Avi Kivity is the lead developer and maintainer of the Kernel-based Virtual Machine project, better known as kvm. The project was started in mid-2006, and has been part of the Linux kernel since the 2.6.20 release in February of 2007. kvm is a full virtualization system for x86-based Linux hosts, allowing users to run isolated x86 guest operating systems in virtual machines.
In this interview, Avi talks about the current status of the kvm project, detailing what kvm is, how it works, and how it differs from other virtualization projects. He goes on to examine future plans for improving stability and performance.
Jeremy Andrews: Please share a little about yourself and your background.
Avi Kivity: I’m a software developer living in Israel. I am 36 years old. Somewhat surprisingly, I studied aeronautical engineering, but I’ve designed very few aircraft, being instead swept away to the fast-paced field of software development.
I currently work at Qumranet Technologies, a start up company which develops kvm as well as a still-undisclosed proprietary product.
JA: Is the undisclosed product related to kvm and virtualization?
Avi Kivity: Yes, it uses kvm as the lowest layer in the stack.
JA: When did you get started with Linux?
Avi Kivity: About 1996 or 1997 our sysadmin installed Linux 2.0.something on a disused desktop, to act as a firewall. Out of curiosity I telnetted in and learned everything I could about it. I was already somewhat familiar with Unix, so it wasn’t that strange for me.
Some months later that little box took over a few services from our big NT server, including our all-important version control services. Visual SourceSafe decided to eat our files while I was branching them for an important demo, so I wrote a Perl script to check out the surviving files from SourceSafe and check them in to CVS. I babysat four or five workstations which were performing the conversion over the weekend, regularly restarting the NT server when it died. That little Linux box didn’t even break up a sweat.
JA: What is your involvement in the kvm (Kernel-based Virtual Machine) project?
Avi Kivity: I am the lead developer and maintainer of kvm. I also did what little design work was necessary (though most of kvm’s design is dictated by the hardware specs).
JA: What hardware is necessary to use kvm, and how prevalent is this hardware?
Avi Kivity: kvm currently requires an x86 processor that supports hardware virtualization. This means an Intel processor manufactured in the last two years, or a year-old AMD processor. I don’t know what the installed base of these processors is, but one thing is certain – it keeps increasing.
I’m hoping that a port of kvm to powerpc will materialize some day so that kvm will not be x86-only.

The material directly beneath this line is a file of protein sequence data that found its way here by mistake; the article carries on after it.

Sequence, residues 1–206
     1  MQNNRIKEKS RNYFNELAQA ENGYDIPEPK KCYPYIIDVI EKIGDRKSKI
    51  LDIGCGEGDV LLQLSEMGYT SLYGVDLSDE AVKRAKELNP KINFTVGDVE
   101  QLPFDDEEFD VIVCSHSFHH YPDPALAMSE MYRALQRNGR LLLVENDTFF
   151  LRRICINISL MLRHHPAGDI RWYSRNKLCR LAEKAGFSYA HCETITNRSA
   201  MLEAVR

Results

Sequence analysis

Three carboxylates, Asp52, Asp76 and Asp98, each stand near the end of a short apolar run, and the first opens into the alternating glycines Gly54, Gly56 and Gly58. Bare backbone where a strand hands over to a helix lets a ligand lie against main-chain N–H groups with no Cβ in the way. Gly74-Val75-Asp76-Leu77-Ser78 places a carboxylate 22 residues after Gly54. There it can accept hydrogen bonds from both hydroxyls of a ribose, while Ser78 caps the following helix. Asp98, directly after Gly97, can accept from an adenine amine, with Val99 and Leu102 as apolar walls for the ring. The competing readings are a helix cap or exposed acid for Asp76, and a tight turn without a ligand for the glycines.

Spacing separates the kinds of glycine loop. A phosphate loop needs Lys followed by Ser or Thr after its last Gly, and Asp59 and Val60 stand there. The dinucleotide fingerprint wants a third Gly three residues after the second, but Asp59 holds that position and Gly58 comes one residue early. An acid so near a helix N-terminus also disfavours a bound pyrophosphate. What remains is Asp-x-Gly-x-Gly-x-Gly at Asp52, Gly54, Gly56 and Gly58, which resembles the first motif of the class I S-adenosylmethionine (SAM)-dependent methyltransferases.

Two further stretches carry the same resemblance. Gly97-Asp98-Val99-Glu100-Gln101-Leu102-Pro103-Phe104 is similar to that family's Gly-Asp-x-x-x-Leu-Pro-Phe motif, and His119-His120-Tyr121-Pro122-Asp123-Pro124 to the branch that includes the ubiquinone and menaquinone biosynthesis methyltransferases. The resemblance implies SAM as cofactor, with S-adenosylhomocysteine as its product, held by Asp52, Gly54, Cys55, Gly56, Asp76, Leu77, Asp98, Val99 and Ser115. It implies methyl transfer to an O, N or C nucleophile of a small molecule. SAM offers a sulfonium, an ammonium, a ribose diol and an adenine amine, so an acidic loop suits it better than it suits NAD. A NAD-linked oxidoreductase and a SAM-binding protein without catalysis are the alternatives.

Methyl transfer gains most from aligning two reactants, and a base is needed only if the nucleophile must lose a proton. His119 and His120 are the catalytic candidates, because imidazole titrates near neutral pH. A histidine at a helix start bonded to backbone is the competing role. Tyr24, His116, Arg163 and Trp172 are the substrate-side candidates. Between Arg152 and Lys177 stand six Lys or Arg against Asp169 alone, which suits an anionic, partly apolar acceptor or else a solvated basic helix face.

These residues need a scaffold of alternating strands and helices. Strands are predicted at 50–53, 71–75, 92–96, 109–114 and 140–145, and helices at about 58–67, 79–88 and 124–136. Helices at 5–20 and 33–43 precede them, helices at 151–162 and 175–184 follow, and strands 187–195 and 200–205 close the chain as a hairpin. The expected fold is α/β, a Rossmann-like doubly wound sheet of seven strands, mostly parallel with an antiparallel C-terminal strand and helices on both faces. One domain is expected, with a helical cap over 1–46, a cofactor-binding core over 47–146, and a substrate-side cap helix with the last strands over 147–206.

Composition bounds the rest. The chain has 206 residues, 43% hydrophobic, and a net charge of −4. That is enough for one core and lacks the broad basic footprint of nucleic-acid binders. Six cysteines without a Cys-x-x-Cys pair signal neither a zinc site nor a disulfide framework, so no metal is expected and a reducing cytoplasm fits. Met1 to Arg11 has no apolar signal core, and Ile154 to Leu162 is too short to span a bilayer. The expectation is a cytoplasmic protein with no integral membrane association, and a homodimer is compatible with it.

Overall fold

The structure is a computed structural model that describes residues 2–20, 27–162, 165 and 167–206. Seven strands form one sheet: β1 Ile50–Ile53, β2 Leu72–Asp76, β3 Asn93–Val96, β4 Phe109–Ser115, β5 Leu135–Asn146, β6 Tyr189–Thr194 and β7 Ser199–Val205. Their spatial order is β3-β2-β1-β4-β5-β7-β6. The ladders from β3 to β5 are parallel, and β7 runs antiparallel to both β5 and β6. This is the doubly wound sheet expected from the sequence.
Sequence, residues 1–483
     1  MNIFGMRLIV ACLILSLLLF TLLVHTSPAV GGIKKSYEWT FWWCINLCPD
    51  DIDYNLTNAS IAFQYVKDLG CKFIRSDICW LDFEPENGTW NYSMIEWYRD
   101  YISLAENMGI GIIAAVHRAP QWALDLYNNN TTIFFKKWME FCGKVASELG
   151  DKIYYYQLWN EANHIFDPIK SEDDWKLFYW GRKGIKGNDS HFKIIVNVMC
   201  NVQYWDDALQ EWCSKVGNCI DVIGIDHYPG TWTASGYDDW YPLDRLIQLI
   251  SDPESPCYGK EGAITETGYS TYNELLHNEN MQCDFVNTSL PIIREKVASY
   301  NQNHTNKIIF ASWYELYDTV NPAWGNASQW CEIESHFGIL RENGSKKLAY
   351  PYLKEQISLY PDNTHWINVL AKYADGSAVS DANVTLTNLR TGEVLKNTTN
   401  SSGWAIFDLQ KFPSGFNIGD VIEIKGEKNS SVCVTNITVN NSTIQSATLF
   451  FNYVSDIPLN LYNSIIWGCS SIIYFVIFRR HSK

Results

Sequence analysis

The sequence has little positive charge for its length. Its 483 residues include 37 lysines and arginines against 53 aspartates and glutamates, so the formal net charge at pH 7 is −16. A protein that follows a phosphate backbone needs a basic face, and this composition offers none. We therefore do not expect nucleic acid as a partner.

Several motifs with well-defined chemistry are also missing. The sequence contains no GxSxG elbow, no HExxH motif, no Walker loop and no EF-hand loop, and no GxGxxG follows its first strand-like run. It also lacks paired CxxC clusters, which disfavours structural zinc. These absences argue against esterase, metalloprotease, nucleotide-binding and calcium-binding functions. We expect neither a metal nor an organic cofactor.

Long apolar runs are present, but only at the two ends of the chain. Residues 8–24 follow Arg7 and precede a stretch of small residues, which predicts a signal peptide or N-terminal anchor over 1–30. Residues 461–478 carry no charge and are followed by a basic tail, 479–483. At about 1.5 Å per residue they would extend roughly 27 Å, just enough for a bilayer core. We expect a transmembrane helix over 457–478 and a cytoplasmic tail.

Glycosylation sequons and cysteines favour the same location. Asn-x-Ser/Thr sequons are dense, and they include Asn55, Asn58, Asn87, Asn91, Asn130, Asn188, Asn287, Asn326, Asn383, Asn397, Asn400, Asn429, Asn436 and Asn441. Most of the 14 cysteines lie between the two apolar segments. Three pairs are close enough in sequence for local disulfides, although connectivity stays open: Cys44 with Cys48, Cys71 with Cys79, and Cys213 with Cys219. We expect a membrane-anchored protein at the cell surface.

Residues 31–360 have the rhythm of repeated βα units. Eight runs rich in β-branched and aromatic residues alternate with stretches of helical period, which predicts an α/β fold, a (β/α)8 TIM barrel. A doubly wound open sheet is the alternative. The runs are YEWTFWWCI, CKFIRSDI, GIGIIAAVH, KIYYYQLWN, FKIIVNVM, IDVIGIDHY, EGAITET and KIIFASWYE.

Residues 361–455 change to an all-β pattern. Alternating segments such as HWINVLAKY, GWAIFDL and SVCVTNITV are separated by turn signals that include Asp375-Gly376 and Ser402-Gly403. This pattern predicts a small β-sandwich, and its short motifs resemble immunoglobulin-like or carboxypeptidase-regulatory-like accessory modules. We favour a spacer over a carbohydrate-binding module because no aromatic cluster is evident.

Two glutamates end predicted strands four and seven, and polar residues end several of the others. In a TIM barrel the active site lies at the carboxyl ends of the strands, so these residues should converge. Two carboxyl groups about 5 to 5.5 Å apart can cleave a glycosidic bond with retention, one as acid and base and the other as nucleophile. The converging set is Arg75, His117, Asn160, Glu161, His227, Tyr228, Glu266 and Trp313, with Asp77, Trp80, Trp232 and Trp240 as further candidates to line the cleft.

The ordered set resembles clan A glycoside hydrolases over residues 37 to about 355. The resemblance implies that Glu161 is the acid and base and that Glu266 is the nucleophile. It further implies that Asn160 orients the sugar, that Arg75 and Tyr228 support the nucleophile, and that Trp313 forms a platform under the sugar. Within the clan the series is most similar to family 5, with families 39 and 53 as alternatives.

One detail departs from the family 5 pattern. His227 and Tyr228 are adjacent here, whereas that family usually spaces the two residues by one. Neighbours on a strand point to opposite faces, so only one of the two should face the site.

JA: How can a person tell if their hardware supports kvm?
Avi Kivity: You can easily tell if your processor supports hardware extensions by running the command
$ egrep '^flags.*(vmx|svm)' /proc/cpuinfo
If there’s any output at all, your processor supports kvm. Unfortunately, some early laptops that support kvm have VT extensions disabled in the BIOS, so a BIOS upgrade is required. There is also a comprehensive list on the Xen site, http://wiki.xensource.com/xenwiki/HVM_Compatible_Processors.
JA: What other architectures are you aware of that support hardware virtualization?
Avi Kivity: Xen supports ia64 (Itanium) and PowerPC in addition to x86, so at least these two architectures have the necessary hardware support.
JA: Does Qumranet Technologies have any intention to port kvm to other architectures?
Avi Kivity: No. These ports are best done by the hardware vendors who have the necessary expertise. Of course, we will cooperate and assist the ports in any way we can.
JA: What are the similarities and differences between Intel’s virtualization technology and AMD’s virtualization technology?
Avi Kivity: In general, the two technologies are similar. There are some differences, probably attributable to AMD being second to the market and thus being able to learn from Intel’s experience:
- AMD SVM is generally much simpler to program
- AMD SVM contains support for virtualizing real mode (which is used in the boot sequence); therefore, AMD hosts have better support for boot loaders
- AMD SVM allows the guest TLB to coexist with the host TLB, which improves performance; in contrast, on an Intel host a guest/host switch flushes the TLB
We will probably see a game of leapfrog being played in this area, as each vendor will try to increase its attractiveness by adding features and improving performance.
Compared to other virtualization projects:
JA: What is kvm, and how does it compare to other virtualization projects?
Avi Kivity: kvm is (now) a full virtualization system for x86-based Linux hosts. It allows users to create virtual machines and run various x86 operating systems as isolated guests, similar to other virtualization and emulation solutions, for example VMware, Xen, and Qemu.
To compare kvm to other solutions: